36th DPS Meeting, 8-12 November 2004
Session 8 Kuiper Belt II: Binaries and Dynamics
Oral, Tuesday, November 9, 2004, 8:30-10:00am, Lewis

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[8.01] The Orbits, Masses, and Albedos of Transneptunian Binaries

K. S. Noll, D. C. Stephens (STScI), W. M. Grundy (Lowell Obs.), D. J. Osip (OCIW), I. Griffin (Mus. Science & Industry)

We have determined the orbits of two transneptunian binary systems, (58534) 1997 CQ29 and (66652) 1999 RZ253, using data from the Hubble Space Telescope and the Magellan Obseratory. The relative astrometry derived from these observations allows us to find complete orbit solutions that determine the period, semimajor axis, eccentricity, and the orientation of the orbit plane. In both cases we have been able to determine the system mass to10% or better.

By combining the orbit-derived mass with measured photometry of resolved components, it is possible to derive the albedo as a function of density. For densities of 1000 kg m-3 the red geometric albedos of both objects are remarkably high, pR = 0.18 and 0.37 for RZ253 and CQ29 respectively. While it has long been recognized that the assignment of cometary albedos to all Kuiper Belt objects is a convenient fiction, the presence of objects with such high albedos suggests that Kuiper Belt albedos may be more diverse than previously thought. Because albedo is used to translate observed brightnesses to mass, the implication of a significantly higher average albedo for the Kuiper Belt is the reduction of the total mass of the belt by as much as an order of magnitude.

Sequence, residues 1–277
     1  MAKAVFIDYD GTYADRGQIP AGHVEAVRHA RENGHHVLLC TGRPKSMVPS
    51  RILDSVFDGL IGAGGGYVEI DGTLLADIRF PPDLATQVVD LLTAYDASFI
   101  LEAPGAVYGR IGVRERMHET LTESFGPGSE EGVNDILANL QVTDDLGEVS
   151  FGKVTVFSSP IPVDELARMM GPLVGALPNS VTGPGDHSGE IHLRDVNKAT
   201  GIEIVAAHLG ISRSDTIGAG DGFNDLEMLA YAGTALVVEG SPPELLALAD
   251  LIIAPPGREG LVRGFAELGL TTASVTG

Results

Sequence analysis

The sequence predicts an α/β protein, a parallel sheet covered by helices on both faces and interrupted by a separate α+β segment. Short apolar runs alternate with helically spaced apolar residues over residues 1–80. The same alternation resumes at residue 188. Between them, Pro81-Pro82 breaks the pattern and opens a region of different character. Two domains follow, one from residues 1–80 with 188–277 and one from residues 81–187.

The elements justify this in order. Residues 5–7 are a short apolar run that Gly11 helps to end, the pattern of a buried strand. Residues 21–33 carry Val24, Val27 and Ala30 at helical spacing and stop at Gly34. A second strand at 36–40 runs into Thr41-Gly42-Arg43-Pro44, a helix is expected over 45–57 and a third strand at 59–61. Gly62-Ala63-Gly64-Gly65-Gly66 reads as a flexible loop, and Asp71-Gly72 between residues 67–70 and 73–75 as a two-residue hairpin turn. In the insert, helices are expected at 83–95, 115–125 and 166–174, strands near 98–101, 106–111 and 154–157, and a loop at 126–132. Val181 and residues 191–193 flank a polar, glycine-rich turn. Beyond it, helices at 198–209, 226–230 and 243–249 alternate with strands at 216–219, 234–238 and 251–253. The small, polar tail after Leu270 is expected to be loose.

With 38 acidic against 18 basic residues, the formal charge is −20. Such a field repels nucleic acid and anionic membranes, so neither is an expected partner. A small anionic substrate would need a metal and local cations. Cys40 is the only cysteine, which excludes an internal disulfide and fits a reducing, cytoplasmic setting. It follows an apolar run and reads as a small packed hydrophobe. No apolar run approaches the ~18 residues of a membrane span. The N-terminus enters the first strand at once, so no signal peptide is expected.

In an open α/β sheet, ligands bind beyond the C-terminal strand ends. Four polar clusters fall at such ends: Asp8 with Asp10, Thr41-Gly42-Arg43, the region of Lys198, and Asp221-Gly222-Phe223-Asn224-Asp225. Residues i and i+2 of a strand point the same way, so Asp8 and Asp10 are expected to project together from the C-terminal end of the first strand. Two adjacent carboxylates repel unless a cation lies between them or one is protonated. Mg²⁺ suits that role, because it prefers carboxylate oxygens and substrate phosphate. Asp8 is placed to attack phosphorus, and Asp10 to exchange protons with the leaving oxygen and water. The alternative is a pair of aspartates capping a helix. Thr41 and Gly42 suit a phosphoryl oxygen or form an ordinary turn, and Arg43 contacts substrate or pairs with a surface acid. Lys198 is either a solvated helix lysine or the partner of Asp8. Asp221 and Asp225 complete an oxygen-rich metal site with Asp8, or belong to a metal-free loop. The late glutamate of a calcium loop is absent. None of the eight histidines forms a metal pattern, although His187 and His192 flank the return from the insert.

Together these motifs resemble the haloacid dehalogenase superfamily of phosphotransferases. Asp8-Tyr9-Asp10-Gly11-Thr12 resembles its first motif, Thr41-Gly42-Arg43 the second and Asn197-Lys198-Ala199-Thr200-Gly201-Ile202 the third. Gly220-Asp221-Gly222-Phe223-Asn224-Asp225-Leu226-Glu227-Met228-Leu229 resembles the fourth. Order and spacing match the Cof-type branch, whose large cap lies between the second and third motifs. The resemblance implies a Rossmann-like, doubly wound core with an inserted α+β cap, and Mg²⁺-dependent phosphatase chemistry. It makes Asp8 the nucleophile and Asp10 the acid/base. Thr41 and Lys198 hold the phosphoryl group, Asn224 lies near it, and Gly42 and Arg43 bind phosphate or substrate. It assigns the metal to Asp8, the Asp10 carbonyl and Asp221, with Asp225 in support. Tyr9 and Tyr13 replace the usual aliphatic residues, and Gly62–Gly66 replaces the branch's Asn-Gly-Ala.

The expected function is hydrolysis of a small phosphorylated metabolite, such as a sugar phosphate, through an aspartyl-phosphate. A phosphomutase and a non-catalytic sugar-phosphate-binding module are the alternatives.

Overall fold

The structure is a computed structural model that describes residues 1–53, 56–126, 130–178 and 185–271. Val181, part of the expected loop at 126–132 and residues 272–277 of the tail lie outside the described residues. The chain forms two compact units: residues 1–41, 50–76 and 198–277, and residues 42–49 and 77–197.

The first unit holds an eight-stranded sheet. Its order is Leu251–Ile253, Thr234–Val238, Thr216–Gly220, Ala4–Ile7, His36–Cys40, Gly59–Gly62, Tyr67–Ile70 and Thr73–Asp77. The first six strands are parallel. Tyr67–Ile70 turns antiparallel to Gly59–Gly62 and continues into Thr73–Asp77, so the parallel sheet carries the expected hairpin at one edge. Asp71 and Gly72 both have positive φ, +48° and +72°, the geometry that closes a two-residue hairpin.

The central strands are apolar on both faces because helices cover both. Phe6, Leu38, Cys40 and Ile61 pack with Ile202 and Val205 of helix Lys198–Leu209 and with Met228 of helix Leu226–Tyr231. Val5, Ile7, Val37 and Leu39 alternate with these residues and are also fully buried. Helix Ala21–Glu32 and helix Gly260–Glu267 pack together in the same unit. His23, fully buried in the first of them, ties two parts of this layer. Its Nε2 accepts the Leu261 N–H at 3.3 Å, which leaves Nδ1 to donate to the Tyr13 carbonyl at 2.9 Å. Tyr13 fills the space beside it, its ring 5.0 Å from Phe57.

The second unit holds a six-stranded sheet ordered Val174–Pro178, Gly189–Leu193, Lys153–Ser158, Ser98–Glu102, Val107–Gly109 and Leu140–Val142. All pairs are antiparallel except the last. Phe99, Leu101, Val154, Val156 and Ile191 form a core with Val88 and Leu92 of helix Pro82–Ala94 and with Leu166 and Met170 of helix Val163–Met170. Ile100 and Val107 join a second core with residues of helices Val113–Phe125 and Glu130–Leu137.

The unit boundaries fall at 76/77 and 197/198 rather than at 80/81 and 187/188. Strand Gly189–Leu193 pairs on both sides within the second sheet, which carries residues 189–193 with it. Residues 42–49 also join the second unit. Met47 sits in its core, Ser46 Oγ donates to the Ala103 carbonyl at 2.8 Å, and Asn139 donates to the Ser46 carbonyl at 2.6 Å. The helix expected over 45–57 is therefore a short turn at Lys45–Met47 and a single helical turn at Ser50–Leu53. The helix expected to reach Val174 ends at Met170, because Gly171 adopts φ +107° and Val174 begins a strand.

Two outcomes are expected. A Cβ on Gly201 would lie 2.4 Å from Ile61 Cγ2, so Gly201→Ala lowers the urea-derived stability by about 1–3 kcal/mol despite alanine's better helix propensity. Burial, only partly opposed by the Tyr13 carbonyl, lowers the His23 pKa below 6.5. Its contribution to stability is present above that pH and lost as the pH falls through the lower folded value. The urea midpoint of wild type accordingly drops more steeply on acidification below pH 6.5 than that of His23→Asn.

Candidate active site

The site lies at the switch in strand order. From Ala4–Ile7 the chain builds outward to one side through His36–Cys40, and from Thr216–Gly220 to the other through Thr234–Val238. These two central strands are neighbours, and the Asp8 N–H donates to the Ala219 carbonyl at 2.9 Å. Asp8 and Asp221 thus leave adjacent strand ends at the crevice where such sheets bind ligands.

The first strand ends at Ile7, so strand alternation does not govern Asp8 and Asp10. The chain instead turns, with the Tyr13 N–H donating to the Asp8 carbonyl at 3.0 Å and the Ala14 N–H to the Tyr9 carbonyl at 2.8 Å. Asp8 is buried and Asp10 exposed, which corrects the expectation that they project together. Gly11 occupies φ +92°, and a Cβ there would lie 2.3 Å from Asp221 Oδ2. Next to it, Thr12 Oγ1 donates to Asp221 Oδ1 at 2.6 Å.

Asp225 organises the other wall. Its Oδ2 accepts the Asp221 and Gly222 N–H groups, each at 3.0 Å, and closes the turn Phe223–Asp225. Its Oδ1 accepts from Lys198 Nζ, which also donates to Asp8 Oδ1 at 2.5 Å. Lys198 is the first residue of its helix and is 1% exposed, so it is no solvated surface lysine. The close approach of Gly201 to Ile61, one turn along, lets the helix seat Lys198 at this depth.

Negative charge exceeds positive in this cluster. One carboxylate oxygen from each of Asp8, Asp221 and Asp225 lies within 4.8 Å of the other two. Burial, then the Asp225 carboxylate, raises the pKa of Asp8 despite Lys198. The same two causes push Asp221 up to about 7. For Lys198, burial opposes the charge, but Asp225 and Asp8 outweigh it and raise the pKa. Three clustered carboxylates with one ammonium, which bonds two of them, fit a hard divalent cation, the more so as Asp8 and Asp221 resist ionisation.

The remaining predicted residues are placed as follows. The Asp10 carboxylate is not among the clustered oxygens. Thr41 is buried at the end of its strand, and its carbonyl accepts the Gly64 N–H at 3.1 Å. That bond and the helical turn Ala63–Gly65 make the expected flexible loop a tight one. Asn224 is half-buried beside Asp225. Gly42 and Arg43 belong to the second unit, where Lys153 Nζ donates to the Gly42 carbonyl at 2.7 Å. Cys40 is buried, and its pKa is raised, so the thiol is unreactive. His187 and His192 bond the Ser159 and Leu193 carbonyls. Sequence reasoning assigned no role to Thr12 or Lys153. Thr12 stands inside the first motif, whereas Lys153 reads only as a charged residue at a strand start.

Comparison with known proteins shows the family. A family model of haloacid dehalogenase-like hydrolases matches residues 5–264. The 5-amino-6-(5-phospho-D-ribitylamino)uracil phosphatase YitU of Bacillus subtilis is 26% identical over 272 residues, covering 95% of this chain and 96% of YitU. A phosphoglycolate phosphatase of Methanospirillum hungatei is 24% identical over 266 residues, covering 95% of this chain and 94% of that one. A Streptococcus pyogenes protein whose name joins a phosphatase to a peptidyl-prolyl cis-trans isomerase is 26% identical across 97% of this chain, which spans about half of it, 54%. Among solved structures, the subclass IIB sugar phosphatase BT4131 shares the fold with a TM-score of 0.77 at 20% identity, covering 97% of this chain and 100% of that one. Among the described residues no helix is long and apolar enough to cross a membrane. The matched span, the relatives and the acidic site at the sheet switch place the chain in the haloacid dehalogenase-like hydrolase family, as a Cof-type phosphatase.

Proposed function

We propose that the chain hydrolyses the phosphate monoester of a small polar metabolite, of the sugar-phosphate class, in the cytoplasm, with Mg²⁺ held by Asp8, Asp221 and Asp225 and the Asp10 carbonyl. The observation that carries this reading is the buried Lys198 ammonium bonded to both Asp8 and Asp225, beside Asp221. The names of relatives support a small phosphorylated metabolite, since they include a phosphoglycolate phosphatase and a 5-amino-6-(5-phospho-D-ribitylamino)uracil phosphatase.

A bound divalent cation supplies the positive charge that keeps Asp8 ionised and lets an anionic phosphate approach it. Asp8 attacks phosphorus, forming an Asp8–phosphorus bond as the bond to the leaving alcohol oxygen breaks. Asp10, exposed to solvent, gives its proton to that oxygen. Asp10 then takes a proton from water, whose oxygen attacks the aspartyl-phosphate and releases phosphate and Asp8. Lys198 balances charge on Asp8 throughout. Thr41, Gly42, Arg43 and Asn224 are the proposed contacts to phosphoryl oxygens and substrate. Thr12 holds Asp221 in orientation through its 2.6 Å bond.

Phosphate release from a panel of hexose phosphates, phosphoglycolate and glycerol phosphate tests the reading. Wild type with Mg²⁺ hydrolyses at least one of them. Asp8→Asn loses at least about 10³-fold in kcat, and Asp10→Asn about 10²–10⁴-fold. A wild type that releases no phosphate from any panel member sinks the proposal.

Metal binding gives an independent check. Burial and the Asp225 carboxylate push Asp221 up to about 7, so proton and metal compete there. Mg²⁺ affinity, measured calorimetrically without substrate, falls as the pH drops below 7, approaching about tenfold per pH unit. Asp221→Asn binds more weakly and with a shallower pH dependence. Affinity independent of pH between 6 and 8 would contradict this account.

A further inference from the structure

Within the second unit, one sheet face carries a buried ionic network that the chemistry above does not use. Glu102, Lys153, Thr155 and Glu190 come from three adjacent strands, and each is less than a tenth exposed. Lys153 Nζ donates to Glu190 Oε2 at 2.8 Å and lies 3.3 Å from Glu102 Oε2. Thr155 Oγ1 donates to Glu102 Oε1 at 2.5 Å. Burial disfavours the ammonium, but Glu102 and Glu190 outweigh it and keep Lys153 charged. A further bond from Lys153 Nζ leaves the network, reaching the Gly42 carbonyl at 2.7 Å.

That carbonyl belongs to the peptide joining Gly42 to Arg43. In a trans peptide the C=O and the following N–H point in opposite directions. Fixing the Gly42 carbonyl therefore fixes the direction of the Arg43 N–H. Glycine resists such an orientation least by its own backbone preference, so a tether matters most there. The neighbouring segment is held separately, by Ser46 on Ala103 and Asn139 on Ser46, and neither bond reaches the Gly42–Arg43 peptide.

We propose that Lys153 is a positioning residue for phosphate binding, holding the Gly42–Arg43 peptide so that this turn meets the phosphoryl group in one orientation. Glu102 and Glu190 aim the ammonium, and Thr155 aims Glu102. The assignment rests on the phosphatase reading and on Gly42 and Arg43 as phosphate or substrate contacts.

Combining mass and photometry also makes it possible to extract the objectís diameters, again as a function of density. The components of CQ29 are particularly noteworthy for their small sizes; the primary component has a diameter of 80 km and the smaller secondary only 66 km. This is approaching the size of the largest cometary nuclei such as Hale-Bopp.

With accurately determined masses, semimajor axes and diameters it is possible to look at the orbits in terms of the Hill radius. The transneptunian binaries appear to orbit at a few percent of the Hill radius, similar to binaries found in the main belt and to regular satellite systems but different than captured satellites.

This work was supported by grants from the Space Telescope Science Institute operated by AURA under NASA contract NAS 5-26555.


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Bulletin of the American Astronomical Society, 36 #4
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